Thursday 29 September 2016

Major storm in Southern Australia

Power 'gradually' returning after massive Australian blackout

29 September, 2016

Power is gradually being turned back on across parts of South Australia, but much of the state remains in darkness after a widespread blackout.

But more wild weather is on the way, with an intense low-pressure system expected to cross the state today.

Late on Wednesday, emergency services had announced the following:

* Power is continuing to be restored overnight. Metro areas will be first
* People in the state's north are likely to be without power for "considerably longer than the rest of the state"
* There are no reports of deaths or serious injury
* Adelaide Metro trains are expected to be running from Thursday morning
* All schools in the state will be open, but some still without power may have different programs

Bureau of Meteorology senior forecaster Brett Gage said a severe weather warning remained current for widespread parts of the state, with the west coast of Eyre Peninsula in for a "real buffeting".

Winds in that region are expected to reach storm force, with predicted gusts of up to 140 kilometres per our.

"Gale force [winds] about the remainder of the coasts, except for the two South East coasts where we do have strong wind warnings current," he said.

A flood watch is in place for the state's Mid North, Mount Lofty Ranges and Adelaide with rain of 30mm to 60mm expected to hit, with some falls of 50mm to 100mm possible.

SA Power Networks spokesman Paul Roberts said power was being restored to some of Adelaide on Wednesday evening, but warned it would be a "gradual process".

He said people in the Mid North and Eyre Peninsula areas should prepare for extended power outages.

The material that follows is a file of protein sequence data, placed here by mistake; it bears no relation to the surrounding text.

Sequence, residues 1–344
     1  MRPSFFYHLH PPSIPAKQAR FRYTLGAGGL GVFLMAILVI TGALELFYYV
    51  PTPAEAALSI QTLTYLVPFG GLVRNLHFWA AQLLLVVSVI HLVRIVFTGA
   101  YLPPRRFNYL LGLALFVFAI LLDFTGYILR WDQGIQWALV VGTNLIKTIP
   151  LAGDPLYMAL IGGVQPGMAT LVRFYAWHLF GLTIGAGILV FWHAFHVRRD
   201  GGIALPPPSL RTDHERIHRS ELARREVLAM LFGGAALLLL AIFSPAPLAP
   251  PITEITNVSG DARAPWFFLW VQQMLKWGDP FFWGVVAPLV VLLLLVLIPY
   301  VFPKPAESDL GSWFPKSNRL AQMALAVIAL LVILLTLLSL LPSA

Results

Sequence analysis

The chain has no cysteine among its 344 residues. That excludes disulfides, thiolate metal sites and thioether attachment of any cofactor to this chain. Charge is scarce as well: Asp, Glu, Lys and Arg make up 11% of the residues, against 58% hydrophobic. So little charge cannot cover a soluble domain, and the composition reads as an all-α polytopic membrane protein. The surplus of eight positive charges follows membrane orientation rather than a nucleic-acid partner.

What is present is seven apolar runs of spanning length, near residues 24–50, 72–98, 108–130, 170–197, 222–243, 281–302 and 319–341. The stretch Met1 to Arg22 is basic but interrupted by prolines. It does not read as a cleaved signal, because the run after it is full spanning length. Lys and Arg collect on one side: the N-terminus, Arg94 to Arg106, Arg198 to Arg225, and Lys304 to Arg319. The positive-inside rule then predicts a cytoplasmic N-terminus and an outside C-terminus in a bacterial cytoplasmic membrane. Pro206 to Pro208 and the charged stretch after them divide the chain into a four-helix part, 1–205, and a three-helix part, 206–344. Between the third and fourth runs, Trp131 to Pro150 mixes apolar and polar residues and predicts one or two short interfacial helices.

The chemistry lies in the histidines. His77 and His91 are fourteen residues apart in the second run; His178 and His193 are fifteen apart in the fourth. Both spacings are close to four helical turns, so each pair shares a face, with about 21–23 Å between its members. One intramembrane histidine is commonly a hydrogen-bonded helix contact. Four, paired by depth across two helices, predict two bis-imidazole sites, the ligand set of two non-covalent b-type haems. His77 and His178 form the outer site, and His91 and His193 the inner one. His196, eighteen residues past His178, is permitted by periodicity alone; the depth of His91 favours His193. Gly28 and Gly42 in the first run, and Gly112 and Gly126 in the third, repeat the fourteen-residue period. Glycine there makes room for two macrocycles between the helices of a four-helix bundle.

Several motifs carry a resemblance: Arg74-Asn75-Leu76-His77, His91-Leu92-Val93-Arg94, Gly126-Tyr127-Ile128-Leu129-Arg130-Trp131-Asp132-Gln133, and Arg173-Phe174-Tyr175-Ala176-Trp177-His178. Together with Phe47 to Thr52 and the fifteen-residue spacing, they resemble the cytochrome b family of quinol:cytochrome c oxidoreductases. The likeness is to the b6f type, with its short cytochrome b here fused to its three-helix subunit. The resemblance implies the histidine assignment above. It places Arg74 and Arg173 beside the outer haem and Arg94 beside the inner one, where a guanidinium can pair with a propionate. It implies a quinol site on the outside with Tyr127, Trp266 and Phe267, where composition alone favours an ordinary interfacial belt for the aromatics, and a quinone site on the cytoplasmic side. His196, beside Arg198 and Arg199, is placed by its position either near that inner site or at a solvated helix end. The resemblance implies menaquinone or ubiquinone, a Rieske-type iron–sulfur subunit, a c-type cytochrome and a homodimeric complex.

"That could well go into the the early hours of [Thursday] if not longer. This would be putting some stress on communications and I really recommend to people they minimise their use of mobile phones."

Destructive winds (gusts up to 140kph) expected to lash parts of overnight. Follow for warnings

The statewide outage happened after severe weather knocked out three transmission lines and 22 towers.

Mr Roberts said the storm front expected on Thursday is a big concern for the electricity network.

Optus and some Vodafone networks are also down across the state.

Mr Roberts said some equipment had been damaged around Blyth in the state's Mid North.

"There was some kind of mini-storm event, or cyclone event, there that's resulted in damage and that's affecting customers around the region.

"We have a substation there that would supply out to several areas."

Town takes a beating from storm

David Williams, from Blyth, said his town had taken a "beating".

"Basically it blew the veranda up over the top and took part of the roof and the chimneys … [there was] lots of noise. It was a bit scary," Mr Williams said.

He said he huddled in the kitchen as the wild wind passed over his home.
Mr Williams described the noise as "like a freight train".

"There's a lot of people without roofs tonight. It's taken a beating [Blyth]. It's not feeling too well. There's a fair few people hurting tonight."

The Country Fire Service (CFS) has sent a strike team to Blyth. The extent of damage is unknown at this stage.

Police have urged owners and occupiers of buildings to check if anyone is trapped in lifts after emergency services rescued 19 people from lifts.
Emergency services have already rescued a number of people who became trapped when the power shut down.

Earlier, Telstra's SA general manager spokesman Mark Bolton said mobile phone users should prepare for a loss of network coverage as towers and exchanges ran out of back-up power.

"We have had a few sites that have been identified as down, yes, so there are a few sites that are failing and probably more to come as the power outage is extended," Mr Bolton said.

Lightning takes out generators

Premier Jay Weatherill said there had been 80,000 lightning strikes across the state.

"Some of them hit our electricity infrastructure including our generators. This is making the job of turning the power back on extremely hazardous and difficult."

He urged people not to travel on the roads "unless absolutely necessary" during the blackout.